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OAKLAND, Calif. (AP) — Oakland’s police chief says he takes responsibility for a crackdown on anti-Wall Street protesters, who have accused police of seriously injuring an Iraq War veteran during a clash earlier this week.

See also: Michael Moore Visits Occupy Oakland

Interim Chief Howard Jordan’s comments came Friday as Occupy Wall Street protesters maintained demonstration sites in some California cities and left-wing filmmaker Michael Moore rallied a gathering in Oakland.

Jordan defended the officers involved in the effort to drive protesters from a dayslong encampment, saying they used what they believed to be the least amount of force possible to protect themselves.

“I want to ensure you that all allegations of misconduct and excessive uses of force are being thoroughly investigated,” Jordan said.

The plight of Iraq war veteran Scott Olsen, 24 – who remained hospitalized in fair condition with a fractured skull – has become a rallying cry at Occupy protests around the world.

Fellow veterans say police fired an object that struck him in the head, but authorities say object has yet to be definitively established, as well as the person responsible for the injury.

Oakland Mayor Jean Quan, who on Thursday publicly apologized for Tuesday’s incident, said Friday that she did so because people got hurt.

Left-wing filmmaker Michael Moore addressed about 1,000 anti-Wall Street protesters in front of Oakland’s City Hall, saying the Occupy movement has changed the national discussion.

“When was the last time in the last few weeks you heard them talking about the debt ceiling?” said Moore, the director of the documentary films “Fahrenheit 9/11” and “Bowling for Columbine.”

Meanwhile, a protest encampment at a plaza near the City Hall grew to about 50 tents, with organizers saying up to a thousand people were in the area late Friday night with very few police in sight.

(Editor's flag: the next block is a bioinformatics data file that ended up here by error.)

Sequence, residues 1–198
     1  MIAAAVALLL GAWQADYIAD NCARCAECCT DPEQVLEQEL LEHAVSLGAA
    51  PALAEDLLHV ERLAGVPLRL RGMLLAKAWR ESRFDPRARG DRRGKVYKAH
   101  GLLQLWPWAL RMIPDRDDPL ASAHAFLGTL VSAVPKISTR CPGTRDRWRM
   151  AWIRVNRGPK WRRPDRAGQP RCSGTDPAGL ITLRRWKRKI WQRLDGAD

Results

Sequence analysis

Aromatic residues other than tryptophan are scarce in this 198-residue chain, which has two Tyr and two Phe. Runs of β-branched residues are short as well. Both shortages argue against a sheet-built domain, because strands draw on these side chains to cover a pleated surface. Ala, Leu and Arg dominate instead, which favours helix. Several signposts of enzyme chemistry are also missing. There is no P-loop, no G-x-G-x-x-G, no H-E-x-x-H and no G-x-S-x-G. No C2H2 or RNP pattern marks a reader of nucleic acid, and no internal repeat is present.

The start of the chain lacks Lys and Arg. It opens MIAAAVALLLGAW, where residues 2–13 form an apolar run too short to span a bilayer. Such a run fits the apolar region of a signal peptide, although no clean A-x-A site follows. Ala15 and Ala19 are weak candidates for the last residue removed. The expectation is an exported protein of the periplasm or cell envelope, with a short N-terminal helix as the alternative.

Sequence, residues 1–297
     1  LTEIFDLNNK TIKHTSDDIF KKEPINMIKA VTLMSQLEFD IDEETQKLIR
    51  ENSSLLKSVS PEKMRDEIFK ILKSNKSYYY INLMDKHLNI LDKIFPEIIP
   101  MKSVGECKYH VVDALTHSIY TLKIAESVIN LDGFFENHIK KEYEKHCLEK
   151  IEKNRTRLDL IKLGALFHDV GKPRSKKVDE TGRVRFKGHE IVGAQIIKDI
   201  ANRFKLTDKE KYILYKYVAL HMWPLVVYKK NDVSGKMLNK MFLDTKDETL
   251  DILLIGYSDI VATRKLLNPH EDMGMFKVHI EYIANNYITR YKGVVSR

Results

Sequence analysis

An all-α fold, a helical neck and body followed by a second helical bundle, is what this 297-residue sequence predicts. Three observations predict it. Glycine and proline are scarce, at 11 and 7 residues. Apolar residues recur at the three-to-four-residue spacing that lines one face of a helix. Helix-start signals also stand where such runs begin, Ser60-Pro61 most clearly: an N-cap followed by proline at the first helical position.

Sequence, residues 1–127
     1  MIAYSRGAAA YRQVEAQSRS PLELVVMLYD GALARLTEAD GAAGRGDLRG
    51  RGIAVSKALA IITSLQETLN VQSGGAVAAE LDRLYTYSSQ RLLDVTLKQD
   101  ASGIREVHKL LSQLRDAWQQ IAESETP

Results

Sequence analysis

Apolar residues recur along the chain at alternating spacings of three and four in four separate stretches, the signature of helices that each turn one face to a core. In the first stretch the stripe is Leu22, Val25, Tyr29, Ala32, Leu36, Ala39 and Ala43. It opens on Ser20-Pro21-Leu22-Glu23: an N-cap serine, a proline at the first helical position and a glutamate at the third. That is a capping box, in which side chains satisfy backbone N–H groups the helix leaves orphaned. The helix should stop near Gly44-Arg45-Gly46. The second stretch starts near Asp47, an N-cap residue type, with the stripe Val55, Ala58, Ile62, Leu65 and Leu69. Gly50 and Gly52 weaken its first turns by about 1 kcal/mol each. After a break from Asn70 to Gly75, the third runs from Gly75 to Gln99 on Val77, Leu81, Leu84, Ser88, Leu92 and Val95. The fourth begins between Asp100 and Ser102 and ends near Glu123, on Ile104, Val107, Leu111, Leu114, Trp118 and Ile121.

The Oakland protesters announced a general strike on Nov. 2 where they will be urging banks and corporations to close for the day.

Farther south, police in San Diego descended early Friday on the encampment that housed demonstrators at the Civic Center Plaza and Children’s Park for three weeks.

San Diego protester Chuck Stemke, a 32-year-old mechanical designer, said he awoke to a loud noise and looked out of his tent to see hundreds of police marching toward him in the darkness.

“It was very intimidating,” he said. “There was a huge show of force.”

Authorities arrested 51 people who faced charges including illegal lodging, illegal drug use, unlawful assembly and other charges. Twenty-four people were arrested on charges of blocking officers from performing their duties, police said.

San Diego police Chief William Lansdowne said negotiations with demonstrators had broken down and officers received no cooperation.

In the Central Valley, officials planned to evict a group of about 30 demonstrators from next to a Fresno County courthouse. The group agreed to officials’ request not to pitch tents at the site during their 20-day stay, and the county had so far been lenient with the encampment, said protest spokesman Ruben Verdugo.

But officials on Friday gave notice that the protesters’ permit would expire midnight Monday, and that demonstrators faced jail time and $500 fines if they remained.

Maria Torres stopped by the encampment to lend moral support. The 86-year-old said she worked with Cesar Chavez as an organizer of the farmworkers’ movement in the 1960s.

“I’m too old now to do much, but I want to be a part of it,” she said in Spanish.

Peaceful protests continued in San Francisco, where a handful of police officers patrolled the area across from the historic Ferry Building as 200 to 300 demonstrators gathered.

Mayor Ed Lee wants to avoid the type of police confrontations that happened in Oakland and has been meeting with members of the San Francisco camp to address concerns about public health and safety, said mayoral spokeswoman Christine Falvey.

“We can’t have the camp for too many more days because it’s not healthy,” Falvey said.